One of the most well-known supporters of euthanasia is Jack Kevorkian - who was dubbed Dr. Death. The Michigan doctor served eight years in prison after saying he had assisted in at least 130 suicides.

Here’s my question to you: Should euthanasia be legal?

Tune in to the Situation Room at 6pm to see if Jack reads your answer on air.

And, we love to know where you’re writing from, so please include your city and state with your comment.

Interested to know which ones made it on air?

Lisa writes:
I think euthanasia should absolutely be legal. I treat cancer patients, and the some of the suffering I see is heartbreaking. Changing the law would foster the type of end-of-life discussions that are not possible now.

Steena writes:
I have just started nursing school to be an RN. My first rotation has been in nursing homes. After spending time caring for patients whose bodies are failing them and seeing how miserable their lives are, I 100% support euthanasia. Quality of life should trump quantity of life, and for those who disagree, I say spend some time with a terminally ill person.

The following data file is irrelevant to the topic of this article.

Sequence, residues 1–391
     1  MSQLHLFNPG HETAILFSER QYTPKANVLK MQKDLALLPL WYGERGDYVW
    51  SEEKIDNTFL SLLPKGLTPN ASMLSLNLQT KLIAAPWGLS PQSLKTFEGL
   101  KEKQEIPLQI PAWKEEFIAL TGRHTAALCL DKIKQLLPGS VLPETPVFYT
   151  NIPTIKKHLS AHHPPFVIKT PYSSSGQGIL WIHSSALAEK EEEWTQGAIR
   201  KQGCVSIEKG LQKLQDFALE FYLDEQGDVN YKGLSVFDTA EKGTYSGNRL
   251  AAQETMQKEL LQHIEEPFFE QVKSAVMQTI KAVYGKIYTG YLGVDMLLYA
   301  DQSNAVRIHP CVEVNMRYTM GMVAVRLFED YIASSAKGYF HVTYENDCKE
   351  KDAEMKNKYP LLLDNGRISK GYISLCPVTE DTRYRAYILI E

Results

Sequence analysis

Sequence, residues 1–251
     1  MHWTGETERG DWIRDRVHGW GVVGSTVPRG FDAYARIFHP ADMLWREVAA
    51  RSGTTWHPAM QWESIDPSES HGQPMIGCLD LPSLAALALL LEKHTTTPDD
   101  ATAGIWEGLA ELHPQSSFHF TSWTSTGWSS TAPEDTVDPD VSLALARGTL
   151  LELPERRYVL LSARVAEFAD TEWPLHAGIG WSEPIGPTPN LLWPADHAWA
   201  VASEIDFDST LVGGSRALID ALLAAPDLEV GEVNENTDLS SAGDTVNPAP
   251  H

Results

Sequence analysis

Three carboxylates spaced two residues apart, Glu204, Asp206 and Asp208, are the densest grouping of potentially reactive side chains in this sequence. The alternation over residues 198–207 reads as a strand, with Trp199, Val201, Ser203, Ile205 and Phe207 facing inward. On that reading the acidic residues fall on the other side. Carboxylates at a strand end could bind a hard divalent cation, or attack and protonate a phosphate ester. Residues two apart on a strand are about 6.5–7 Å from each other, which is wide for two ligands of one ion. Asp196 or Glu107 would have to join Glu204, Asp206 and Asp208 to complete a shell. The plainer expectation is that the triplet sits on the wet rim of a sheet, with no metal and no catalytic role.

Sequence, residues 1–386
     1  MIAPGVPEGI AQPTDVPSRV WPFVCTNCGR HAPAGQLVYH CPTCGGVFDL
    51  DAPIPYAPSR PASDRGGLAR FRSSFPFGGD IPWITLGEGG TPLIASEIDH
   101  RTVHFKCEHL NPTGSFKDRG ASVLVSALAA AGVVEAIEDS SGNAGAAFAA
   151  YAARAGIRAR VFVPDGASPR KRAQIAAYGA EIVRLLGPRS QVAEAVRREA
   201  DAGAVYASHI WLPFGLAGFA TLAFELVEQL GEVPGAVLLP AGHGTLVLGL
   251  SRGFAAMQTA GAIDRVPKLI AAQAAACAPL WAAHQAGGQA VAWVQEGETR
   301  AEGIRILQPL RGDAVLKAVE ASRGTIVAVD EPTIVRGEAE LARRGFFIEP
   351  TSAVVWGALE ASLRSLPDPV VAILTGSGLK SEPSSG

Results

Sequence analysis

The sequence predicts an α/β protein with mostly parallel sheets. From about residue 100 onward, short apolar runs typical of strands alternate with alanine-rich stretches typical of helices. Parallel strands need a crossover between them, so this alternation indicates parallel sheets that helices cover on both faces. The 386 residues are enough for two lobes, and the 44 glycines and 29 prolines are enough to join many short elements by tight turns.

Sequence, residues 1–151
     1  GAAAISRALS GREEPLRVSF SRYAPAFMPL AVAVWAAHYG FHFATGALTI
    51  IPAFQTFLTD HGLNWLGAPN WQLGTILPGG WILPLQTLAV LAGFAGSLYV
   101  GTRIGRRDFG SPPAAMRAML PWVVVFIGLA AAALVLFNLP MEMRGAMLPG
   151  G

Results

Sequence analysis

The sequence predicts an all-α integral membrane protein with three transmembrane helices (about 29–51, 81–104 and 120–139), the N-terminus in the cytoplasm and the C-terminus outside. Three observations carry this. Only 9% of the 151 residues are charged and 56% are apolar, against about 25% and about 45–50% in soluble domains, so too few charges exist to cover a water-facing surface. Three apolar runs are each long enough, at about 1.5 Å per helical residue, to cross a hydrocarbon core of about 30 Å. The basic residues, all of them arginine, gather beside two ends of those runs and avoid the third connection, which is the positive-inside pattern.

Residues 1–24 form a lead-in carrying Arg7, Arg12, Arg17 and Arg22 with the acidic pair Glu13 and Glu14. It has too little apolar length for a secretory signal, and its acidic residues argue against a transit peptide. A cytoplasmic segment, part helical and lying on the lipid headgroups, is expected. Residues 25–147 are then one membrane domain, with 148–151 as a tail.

Loren in Chicago writes:
No, Euthansia should not be legalized. There are too many variables in deciding whether a death is imminent and inevitable and too many ways for persons with bad intent to fix the system to meet their ends.

Jim in Illinois writes:
Many Americans will spend most of their family's financial resources in their last year of life, then die - too often painfully. The current system in the U.S. is broken. But, sorry, I forgot, we should not even think about reforming the medical and health insurance system.